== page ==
The gentle Salika, who had to witness her lover abandoning her, wakes up to the sight of the bandit who kidnapped her as he prepares a poultice for her wounds. Talk about irony! She creates an irony of her own as the proper lady Salika suddenly turns feisty and awkwardly flings a sword at Khunthong to show him that she won’t give up without a fight. (To be fair… he did ask her to pull her shirt up… so he can apply medicine to her wounds, but still, they haven’t even introduced themselves yet! Any proper lady would want to skewer him too.)
Khunthong is powerless against this lady as he walks out on her, but not before he leaves her medicine (“angrily”) by the door. Khanthong narrates that “at first they hated each other, but before they knew it, their feelings turned into love.” No truer words have been said. In any case, Khunthong keeps Salika in his camp but she still misses her parents. Her parents have sent armed men to retrieve her, but Khunthong defeated and killed them all. Salika asks whether Khunthong’s thirst for revenge has been quenched and she opens his eyes to the unbroken chain that hatred has created. She said that those people he had killed would leave behind families who would want to kill him too and his hatred and wrath would just grow and grow until all of them are consumed by it.
Ultimately, Khunthong sends Salika back to her family. She realizes however that things are not the same. Her ugly cowardly husband refuses to take her, or even acknowledge her, saying that they never consummated the marriage and for all he knew, Khunthong already beat him to it. Salika is still chaste as nothing happened between her and Khunthong, but her “husband” would have none of it – then he says the most painful thing of all. He says that perhaps Khunthong is tired of Salika that’s why he abandoned her in the first place. This breaks Salika’s heart as her “husband” walks away and leaves her in tears for the second time.
To Salika’s relief, Khunthong comes back for her one day, only to check how she was doing after he heard about how the pathetic coward had discredited Salika again. It was then that she realized her “husband” had been completely wrong – Khunthong was not tired of her. To her relief, he even tells her what he has kept in his heart all along – that he loves her. He asks her if she loves him too and we are given this crowning moment of waffiness.
Salika thus abandons her family as Khunthong abandons his revenge. They start anew in the village and have a small yet warm family, with an adorable son. The mother taught her son how to read, write and speak both Thai language and Turkish. His father on the other hand taught him how to fight and survive in the forest.
The story takes a turn for the worse as Khanthong tells the rest of the story in a dead monotone. His mother is successfully retrieved by his grandfather and Khanthong is unable to save her. She is sent to the palace as a court lady while Khuthong entrusts Khanthong to his teacher, a monk who is well versed in … well… everything. Khunthong worked hard for the country, hoping to gain merits, enough to rescue his wife and make their family whole again, but unfortunately, we all know how his life ended. Khun Thao Salika was accused of poisoning the King and allegedly commits suicide as well.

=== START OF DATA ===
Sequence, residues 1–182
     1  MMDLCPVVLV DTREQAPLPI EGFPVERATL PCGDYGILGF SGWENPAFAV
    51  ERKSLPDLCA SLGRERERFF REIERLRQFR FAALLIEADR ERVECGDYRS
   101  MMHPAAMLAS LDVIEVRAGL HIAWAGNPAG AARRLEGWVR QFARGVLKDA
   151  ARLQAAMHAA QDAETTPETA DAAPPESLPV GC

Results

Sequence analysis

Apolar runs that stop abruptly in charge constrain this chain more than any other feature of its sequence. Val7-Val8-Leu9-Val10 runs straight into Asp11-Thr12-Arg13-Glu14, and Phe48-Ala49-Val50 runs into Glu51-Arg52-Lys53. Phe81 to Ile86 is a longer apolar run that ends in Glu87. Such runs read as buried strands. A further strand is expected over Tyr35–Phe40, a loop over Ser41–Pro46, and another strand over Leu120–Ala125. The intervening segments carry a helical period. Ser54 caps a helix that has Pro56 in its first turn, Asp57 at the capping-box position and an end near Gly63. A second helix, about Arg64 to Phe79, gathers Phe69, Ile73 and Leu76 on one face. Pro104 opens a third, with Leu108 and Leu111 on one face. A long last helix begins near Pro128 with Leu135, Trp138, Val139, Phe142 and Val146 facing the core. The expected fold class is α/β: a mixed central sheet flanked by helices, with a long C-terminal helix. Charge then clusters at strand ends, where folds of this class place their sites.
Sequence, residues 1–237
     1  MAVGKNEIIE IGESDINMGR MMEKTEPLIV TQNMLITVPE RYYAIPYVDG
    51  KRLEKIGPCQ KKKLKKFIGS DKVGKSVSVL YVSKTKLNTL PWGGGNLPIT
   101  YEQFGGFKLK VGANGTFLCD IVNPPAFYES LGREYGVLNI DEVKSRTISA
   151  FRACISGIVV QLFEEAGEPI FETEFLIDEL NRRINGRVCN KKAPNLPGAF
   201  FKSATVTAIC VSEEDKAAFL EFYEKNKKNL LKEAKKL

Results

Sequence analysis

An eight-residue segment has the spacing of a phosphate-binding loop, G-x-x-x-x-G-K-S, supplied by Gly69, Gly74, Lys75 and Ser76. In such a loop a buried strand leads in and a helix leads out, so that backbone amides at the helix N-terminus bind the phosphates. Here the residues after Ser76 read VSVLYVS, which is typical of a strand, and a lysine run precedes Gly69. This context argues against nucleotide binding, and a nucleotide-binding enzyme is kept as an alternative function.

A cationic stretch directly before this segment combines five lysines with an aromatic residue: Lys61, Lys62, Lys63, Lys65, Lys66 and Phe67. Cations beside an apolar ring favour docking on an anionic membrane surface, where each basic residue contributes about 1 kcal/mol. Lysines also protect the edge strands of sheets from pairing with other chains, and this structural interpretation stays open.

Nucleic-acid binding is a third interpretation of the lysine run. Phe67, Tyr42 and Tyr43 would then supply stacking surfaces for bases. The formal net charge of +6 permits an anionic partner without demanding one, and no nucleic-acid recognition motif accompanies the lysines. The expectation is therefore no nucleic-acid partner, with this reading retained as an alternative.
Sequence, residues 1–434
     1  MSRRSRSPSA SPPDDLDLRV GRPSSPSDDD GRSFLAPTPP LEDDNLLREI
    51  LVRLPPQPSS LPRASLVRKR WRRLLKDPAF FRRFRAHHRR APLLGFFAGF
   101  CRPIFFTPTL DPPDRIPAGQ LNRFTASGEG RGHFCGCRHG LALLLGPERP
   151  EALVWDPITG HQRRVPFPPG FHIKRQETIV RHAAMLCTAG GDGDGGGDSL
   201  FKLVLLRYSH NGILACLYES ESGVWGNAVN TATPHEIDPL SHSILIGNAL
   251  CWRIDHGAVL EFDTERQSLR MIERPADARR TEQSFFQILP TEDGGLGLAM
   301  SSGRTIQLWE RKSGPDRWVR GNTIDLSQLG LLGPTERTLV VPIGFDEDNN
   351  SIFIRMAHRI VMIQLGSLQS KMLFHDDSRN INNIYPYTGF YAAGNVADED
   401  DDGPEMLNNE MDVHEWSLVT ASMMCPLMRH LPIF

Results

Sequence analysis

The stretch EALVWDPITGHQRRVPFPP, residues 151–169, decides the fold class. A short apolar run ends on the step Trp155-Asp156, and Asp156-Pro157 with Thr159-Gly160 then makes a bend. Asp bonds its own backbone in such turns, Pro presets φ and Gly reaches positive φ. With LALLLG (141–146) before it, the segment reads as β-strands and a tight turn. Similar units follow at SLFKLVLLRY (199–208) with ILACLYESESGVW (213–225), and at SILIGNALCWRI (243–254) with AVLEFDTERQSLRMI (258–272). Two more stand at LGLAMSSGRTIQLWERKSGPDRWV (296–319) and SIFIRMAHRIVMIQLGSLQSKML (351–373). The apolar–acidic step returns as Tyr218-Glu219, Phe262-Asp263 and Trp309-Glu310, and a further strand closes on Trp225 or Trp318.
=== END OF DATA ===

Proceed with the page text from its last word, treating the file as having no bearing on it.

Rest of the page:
By this time, numbed Khanthong finally realizes that Mangmao is bawling by his side, as though she were doing all the crying for him.
Mangmao tells Khanthin that he’s cold hearted for telling her such a tragic story, little did she know that the real tragedy was how he had to steel himself for the tragedies of his past. She says it would be impossible for her to sleep at that point. Little did she know that with the tragic story, she had earned a friend. Khanthong just revealed his heart to her, without being too obvious about it, of course. Slowly but surely, Mangmao has softened the barriers that Khanthong placed around his heart. Not only was she able to make him smile again and laugh again, though he didn’t outwardly show it, she is able to make him mourn too.
Amidst these revelations, Khanthong still had to remember his mission as well, and so he again asks her about the possible reason why people are after her. Despite them being friends, or perhaps, precisely because they are friends, Mangmao opts not to tell Khanthin about the butterfly flask with the Kollabot for fear that their lives might be put further in danger. Although Mangmao is friends enough with Khanthin to be willing to die with him, she isn’t ready to trust him with her family’s life just yet.
The episode ends with Mangmao returning safely to the palace, and the news that a new eunuch must be appointed. Phollathep reveals that he’s the true mastermind of the nefarious plan involving the Kollabot and Jaojom Phen has been his pawn all along. Phollathep and his men are now more eager to get the Kollabot through any means possible. This spells more trouble for our heroes and promises more action in the upcoming episodes.
Over all, the revelations in Episode 4 point to one thing – that the people in society are flawed. Each person goes through different problems and the heroes are those who triumph over these flaws and problems. Fate is somehow affected by the Buddhist concept of Karma, or what is more universally known as the concept of what goes around comes around. This chain can only be broken by something pure and noble as love – and this love, no matter how much we try to suppress it, just comes out naturally like geyser waiting to burst.
Well it’s going to take a few more episodes before Khanthong’s geyser explodes (at least we are sure Khun Elephant is safe and sound), but until then, I’ll see you guys next time in the next Coffee Talk. Happy Valentine’s Day everyone! ~ Greta